Bloomberg research from earlier this year pegged this cost at between $2,387 (Chicago) and $4,661 (New York) but regardless, working from home means less money spent.

According to the Owl Labs report, 29% of employees said they’d expect a salary increase if their boss mandated a return to the office. A sentiment that was widely shared in a Reddit discussion on the topic:

“You’d have to pay me so much more (for the same job) to convince me to return to the office. That’s at least ~10-15 more hours of my week with commuting, doing my morning routine, packing a lunch, etc, plus gas and wear and tear on my car.” – Redditor 

Besides meals, commuting, and other office-related costs, remote workers' additional cost savings come from moving to more affordable places. 

Freed from the office, employees moved to more affordable areas like Dallas, Manchester, N.H., and upstate New York, creating what is known as "Zoom towns." 

"Zoom Town" Aspen, Colorado
"Zoom Town" Aspen, Colorado

After an initial spike, prices will decrease again as new construction comes onto the market, shared NYT’s Emma Goldberg in conversation with Julia Hobsbawm on The Nowhere Office podcast. 

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But moving far away may have downsides as well.

Nick Bloom shared reservations about moving to a new city based solely on the promise of remote work being available indefinitely. 

“Fully remote is a tricky one to think about. I think in the U.S., that may shrink partly because of offshoring. When I talk to American and European companies, they say, Look, if I can have IT remote, why would I have that in the U.S. I can do that in Argentina, Nigeria, or the Philippines, wherever it is.” – Nick Bloom, World’s Leading Work From Home Expert.

The risk of companies replacing remote employees in the US with more affordable people in other parts of the world is real.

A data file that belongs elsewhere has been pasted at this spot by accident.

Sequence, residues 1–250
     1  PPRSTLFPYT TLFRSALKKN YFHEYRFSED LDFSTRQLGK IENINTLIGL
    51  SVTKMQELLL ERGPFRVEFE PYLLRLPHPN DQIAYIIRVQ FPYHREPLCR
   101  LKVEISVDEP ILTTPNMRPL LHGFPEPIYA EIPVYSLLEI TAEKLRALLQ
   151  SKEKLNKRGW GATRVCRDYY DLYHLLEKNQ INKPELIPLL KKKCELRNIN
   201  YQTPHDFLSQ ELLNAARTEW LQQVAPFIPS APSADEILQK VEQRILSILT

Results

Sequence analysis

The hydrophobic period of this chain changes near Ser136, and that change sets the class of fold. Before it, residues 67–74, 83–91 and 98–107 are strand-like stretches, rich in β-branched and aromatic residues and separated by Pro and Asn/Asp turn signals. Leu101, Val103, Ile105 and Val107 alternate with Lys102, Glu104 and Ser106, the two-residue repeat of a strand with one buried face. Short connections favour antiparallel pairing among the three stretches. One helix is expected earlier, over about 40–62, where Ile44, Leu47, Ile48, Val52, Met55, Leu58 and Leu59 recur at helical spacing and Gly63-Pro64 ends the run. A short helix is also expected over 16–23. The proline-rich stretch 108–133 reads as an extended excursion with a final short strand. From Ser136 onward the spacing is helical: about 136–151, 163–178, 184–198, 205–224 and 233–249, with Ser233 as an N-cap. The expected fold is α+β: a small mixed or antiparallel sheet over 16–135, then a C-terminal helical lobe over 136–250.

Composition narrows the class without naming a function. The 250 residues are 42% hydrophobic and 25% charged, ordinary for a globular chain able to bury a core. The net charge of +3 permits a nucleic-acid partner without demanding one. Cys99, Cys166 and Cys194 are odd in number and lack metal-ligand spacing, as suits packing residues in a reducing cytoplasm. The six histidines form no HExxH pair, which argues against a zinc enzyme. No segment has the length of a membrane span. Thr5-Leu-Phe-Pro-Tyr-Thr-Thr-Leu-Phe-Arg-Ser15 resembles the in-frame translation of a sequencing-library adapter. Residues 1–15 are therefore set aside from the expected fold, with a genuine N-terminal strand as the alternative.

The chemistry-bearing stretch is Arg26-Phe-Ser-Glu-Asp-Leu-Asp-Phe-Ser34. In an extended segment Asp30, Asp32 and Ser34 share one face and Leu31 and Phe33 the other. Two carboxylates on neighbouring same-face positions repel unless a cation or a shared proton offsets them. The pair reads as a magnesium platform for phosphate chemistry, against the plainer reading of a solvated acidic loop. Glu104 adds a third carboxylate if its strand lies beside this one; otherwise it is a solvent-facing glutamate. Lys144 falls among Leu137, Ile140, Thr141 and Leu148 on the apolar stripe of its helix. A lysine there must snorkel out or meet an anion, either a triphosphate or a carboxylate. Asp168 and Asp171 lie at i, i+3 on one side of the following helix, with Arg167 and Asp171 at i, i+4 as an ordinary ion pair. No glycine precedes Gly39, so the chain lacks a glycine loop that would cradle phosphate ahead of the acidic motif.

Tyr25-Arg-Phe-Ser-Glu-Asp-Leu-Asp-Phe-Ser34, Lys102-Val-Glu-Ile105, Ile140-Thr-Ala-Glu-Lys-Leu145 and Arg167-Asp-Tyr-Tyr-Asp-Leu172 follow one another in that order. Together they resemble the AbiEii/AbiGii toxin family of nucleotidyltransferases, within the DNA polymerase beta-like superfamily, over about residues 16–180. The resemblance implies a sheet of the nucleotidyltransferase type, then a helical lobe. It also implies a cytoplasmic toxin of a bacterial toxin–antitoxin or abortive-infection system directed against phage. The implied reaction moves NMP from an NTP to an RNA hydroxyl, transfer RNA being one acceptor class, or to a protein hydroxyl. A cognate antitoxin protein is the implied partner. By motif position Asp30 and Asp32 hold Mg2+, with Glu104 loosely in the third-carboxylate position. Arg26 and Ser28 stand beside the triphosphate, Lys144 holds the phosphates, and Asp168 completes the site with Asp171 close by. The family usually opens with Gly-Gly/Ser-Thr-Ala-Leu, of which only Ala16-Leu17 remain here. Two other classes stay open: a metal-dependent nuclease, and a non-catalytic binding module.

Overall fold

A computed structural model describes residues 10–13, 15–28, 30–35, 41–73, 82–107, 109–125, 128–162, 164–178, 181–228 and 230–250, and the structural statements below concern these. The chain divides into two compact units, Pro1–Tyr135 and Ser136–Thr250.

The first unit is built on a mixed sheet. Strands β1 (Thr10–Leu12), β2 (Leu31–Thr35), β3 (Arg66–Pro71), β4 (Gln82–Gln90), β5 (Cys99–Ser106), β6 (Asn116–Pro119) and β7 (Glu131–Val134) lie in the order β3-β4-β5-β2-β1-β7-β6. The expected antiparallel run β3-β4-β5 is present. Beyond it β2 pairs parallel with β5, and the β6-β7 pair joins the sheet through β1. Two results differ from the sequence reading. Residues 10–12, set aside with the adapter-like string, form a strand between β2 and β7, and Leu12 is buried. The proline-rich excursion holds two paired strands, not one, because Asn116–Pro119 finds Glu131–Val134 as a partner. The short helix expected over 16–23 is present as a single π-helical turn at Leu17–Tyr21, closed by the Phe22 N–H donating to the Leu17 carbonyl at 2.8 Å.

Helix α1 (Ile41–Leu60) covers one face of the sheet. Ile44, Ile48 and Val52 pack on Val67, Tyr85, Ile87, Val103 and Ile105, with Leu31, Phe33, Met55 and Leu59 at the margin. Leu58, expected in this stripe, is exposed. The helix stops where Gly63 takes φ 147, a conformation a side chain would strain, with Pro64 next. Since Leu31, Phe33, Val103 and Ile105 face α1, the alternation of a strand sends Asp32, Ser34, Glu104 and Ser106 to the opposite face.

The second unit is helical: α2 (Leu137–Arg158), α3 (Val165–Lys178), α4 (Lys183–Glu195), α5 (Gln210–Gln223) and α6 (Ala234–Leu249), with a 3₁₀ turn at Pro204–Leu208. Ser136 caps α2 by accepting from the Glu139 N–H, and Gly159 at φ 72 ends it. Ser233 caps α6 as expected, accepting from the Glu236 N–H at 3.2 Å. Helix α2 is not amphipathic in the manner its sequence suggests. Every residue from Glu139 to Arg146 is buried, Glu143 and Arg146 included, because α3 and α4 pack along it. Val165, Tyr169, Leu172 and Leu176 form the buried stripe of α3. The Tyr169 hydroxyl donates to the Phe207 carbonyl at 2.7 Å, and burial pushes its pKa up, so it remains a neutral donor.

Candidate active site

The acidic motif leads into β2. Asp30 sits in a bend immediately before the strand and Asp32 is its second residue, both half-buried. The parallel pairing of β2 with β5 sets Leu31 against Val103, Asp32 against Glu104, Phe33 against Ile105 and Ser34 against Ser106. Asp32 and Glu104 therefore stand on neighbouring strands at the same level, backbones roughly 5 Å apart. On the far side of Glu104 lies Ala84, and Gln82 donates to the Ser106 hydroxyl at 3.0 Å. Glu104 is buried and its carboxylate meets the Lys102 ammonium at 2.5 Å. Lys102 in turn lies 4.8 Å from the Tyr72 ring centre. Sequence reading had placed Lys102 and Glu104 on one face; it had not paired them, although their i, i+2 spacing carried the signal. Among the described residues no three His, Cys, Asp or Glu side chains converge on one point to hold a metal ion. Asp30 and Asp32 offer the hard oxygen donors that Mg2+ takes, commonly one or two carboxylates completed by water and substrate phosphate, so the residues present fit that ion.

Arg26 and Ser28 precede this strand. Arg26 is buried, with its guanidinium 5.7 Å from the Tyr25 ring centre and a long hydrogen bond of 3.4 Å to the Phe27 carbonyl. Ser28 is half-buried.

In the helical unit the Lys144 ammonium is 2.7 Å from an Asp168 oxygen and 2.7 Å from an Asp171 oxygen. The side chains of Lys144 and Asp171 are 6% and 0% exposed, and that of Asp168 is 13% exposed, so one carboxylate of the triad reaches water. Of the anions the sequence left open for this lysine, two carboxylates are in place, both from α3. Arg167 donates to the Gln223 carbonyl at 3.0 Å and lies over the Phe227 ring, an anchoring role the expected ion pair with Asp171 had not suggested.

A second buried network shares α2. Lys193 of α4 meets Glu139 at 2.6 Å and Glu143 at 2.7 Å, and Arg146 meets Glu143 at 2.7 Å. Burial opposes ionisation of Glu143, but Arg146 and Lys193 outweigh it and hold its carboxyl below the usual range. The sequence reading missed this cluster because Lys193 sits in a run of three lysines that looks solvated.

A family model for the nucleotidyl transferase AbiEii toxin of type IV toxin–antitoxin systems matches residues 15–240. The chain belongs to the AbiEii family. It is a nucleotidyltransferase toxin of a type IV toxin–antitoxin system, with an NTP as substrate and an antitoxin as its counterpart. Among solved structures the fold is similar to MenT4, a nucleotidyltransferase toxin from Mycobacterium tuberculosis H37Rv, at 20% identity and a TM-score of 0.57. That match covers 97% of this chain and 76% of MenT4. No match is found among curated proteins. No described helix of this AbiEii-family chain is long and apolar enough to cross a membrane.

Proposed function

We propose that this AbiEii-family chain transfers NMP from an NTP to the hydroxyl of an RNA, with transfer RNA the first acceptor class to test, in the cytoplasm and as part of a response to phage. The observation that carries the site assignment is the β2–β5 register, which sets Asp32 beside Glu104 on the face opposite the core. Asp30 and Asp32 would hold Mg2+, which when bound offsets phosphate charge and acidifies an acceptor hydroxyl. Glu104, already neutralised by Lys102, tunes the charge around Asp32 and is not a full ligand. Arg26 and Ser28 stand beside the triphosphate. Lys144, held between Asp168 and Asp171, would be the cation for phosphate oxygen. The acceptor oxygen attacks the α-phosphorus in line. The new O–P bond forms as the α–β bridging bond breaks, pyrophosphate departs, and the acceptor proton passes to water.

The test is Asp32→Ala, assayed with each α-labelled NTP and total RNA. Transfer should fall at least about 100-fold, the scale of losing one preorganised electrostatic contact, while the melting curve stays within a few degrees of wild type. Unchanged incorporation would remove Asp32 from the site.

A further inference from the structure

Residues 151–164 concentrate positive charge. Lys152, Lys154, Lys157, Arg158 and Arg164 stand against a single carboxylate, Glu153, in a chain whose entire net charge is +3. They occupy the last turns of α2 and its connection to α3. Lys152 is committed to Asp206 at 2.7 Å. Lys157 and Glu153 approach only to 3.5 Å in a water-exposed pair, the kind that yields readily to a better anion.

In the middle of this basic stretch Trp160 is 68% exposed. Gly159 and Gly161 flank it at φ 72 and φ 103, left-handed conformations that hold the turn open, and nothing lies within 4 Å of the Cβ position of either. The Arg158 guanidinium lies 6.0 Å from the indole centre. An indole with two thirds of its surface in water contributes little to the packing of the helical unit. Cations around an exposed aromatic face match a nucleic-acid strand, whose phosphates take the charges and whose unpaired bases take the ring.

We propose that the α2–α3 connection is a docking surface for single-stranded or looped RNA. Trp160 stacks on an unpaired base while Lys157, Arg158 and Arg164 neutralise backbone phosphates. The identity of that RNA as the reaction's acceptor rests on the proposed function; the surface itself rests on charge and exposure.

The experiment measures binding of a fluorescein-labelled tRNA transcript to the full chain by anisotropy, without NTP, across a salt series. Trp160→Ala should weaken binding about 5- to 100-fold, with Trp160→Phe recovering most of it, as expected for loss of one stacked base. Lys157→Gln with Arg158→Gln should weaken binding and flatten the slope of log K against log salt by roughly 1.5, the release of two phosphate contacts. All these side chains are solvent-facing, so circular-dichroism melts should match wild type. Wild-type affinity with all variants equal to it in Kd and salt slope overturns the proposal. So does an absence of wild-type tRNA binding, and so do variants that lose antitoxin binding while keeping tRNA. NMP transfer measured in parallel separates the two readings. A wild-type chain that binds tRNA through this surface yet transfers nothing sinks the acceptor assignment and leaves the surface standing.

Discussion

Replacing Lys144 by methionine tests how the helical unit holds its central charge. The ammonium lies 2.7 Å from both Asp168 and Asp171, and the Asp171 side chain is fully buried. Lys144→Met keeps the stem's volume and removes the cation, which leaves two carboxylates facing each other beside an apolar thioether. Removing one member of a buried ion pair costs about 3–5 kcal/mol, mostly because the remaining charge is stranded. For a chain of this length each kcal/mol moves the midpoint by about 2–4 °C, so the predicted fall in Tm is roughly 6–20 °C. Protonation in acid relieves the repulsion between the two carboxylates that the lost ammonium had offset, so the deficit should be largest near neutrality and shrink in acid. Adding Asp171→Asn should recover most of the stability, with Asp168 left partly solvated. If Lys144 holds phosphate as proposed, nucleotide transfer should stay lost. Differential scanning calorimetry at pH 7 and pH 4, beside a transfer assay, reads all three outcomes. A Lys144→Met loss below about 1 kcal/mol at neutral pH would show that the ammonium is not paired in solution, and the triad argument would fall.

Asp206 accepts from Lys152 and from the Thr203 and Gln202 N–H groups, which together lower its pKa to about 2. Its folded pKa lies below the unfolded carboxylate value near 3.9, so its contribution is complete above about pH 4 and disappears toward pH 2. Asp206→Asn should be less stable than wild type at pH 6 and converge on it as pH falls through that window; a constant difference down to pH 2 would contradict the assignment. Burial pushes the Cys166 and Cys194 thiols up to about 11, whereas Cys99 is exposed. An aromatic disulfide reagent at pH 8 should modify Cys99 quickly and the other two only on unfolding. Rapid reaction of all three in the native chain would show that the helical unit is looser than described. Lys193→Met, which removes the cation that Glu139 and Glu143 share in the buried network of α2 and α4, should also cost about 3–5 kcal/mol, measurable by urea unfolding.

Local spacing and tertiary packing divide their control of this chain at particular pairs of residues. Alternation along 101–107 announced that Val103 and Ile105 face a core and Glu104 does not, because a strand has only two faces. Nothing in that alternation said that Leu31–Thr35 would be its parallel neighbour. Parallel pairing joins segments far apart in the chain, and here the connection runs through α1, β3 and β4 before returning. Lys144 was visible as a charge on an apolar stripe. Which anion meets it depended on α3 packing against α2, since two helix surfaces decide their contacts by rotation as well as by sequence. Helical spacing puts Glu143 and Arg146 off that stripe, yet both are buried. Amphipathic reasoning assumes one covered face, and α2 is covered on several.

Nick shared the example of a drive-through where you think you’re speaking to someone inside, but someone with a headset in The Philippines could be taking your order. 

“In America, you shout into this loudspeaker to give your order, and then you drive up the window, and there's someone there who hands you a hamburger and fries. I didn't realize that many people taking that order are remote workers because you don't need the person listening to the order to be in the restaurant. Why would you? They can be anywhere.” – Nick Bloom.

(They may even be located in North Korea and use their salary to fund the country’s ballistic missile program.)

FlexJobs’ CEO Sara Sutton also said that she believes the city-swapping to be more of a COVID-era trend and that hybrid will remain the leading model, causing people to live near work.

“While trends like digital nomadism and moving away from bigger cities grew in popularity during the pandemic, today, we're seeing a strong interest in hybrid working models and anticipate it to be the long-term norm for businesses. This year, our Top 100 Companies for Hybrid Jobs, which recognizes the employers with the highest number of hybrid job openings, welcomed more than 50 newcomers, signaling the expanding number of employers embracing hybrid work and striking a balance of in-office and remote work setups.” – Sara Sutton, CEO, FlexJobs

The bottom line: 

While the return-to-office trend gains momentum, the gamble for employers is real. 

Employees are putting a tangible price on the privilege of remote work of up to almost $12,000 annually, even in economically challenging times.

The advantages of remote work, from financial savings to improved work-life balance, are well-documented, and employees are becoming increasingly vocal about their preferences. 

It seems abundantly clear that the future lies not in rigid office mandates but in the flexible embrace of hybrid models catering to employer and employee needs.

As two employees at the water cooler would say: "shut up and take my $12k."


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Future Work

A weekly column and podcast on the remote, hybrid, and AI-driven future of work. By FlexOS founder Daan van Rossum.